I feel the need to explain basketball to you.
I'm writing a novel in part about basketball because I feel the need to explain basketball to you. Because there are people I like and people I want to be like and they either do not like basketball or they have no interest in basketball or they actively look down on basketball if not sports in general. I feel the need to tell these people the merits, the reasons, the why. I have the urge to explain myself. As though basketball is embarrassing, a pointless pastime, as though any given noun could be ranked on its existential worthiness and in that all-encompassing scale basketball must fall in the lower half. If there were two things, basketball would be ranked second, per se. If there were 100, basketball would top out at 51st. At the maximum. Meaning that basketball is not the worst thing, but there are always more things better than basketball than there are worse.
I have to write a novel, apparently, to explain to you why this isn't true.
When the game starts, I can completely see this point of view, completely empathize. When I get out on a court and I have a ball in my hands and the hoop feels twice as high as me again and the bizarre feature of the latticework net that unlike most nets is designed to hold nothing, attached even-paced around an iron circle which itself at first blush seems comically large, manhole cover large, how could this be a challenge much less a sport, even if it is so goddamn high in the air. At the start of the game, the first shot of the game, all of that surreality is intact. Toss a ball against gravity, let gravity bring it back. If the game were just shooting, no one would play it for more than the duration of your given carnival fare. And that's assuming prizes.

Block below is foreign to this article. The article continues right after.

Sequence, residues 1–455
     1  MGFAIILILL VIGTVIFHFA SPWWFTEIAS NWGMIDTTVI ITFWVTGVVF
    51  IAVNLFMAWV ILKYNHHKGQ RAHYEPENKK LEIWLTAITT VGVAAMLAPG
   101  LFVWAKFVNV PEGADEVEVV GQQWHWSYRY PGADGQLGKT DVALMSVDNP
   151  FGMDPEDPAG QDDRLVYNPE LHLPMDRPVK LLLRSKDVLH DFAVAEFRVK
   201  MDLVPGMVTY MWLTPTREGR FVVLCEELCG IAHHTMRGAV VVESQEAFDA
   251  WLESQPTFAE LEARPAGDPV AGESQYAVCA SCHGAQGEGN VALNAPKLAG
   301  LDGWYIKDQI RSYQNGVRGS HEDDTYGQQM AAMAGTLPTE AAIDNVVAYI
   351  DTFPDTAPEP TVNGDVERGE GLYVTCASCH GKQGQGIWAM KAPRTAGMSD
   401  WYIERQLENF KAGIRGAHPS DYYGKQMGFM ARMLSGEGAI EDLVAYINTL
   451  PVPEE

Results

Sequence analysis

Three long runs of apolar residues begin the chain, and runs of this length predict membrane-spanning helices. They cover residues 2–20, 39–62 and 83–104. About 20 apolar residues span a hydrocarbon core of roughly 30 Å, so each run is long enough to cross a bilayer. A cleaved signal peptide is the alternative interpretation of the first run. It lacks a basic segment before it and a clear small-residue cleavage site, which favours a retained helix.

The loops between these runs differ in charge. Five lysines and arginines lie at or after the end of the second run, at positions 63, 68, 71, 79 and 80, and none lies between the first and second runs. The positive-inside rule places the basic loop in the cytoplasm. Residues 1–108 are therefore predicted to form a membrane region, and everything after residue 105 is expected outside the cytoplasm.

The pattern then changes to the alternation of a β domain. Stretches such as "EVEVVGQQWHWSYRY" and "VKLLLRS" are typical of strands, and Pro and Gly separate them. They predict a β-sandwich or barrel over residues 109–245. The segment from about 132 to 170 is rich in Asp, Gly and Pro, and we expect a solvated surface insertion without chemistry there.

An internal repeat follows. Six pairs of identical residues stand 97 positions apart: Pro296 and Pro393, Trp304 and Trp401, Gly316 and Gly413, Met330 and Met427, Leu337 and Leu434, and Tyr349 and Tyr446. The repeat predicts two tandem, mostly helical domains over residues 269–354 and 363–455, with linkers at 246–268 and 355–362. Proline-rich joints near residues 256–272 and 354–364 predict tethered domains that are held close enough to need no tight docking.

But then incorporate the dribble, and therein lies the physical appeal, the pleasure of physics. Like, this is why I'll never understand the designated hitter, I mean from the player's perspective, like where's the balance, how can it feel like a sport to you if you never catch the ball? Dribbling is a perfect antithesis to shooting, again, on its own there's not much there, simply a repeated attempt to augment gravity against a reflective surface enough as to get the ball to return to the general vicinity of the hand which released it, in order to launch it back towards the earth once more. Augment gravity, fight gravity. Dribble, shoot.
Even that, though. Even the combination of the two isn't enough, the physical pleasure, not enough to merit basketball's placement into the upper half of Things. My argument is that basketball is strangely cumulative. On a court by yourself or in a game. You notice it especially, though, during a game. The first basket counts as much as the last basket but the last basket, the last shot, seems to bear all the importance of every one previous, combined.
I watched Wisconsin tonight make the last shot they took, a three-pointer, in a tie game as the clock ran out. They made seven others throughout the course of the game, three-pointers. Each of those, mathematically speaking, was just as much the difference in the game as the last one. And it was a tie game, even, before that final one. They didn't even need the three. They made seventeen other regular two-point shots. Every one of those also made the difference, and free throws! They made eight free throws at one point apiece, and yeah they could've missed on two more of those, but at least six of those free throws were vital, according to the intransigent laws of addition, to putting Wisconsin on top.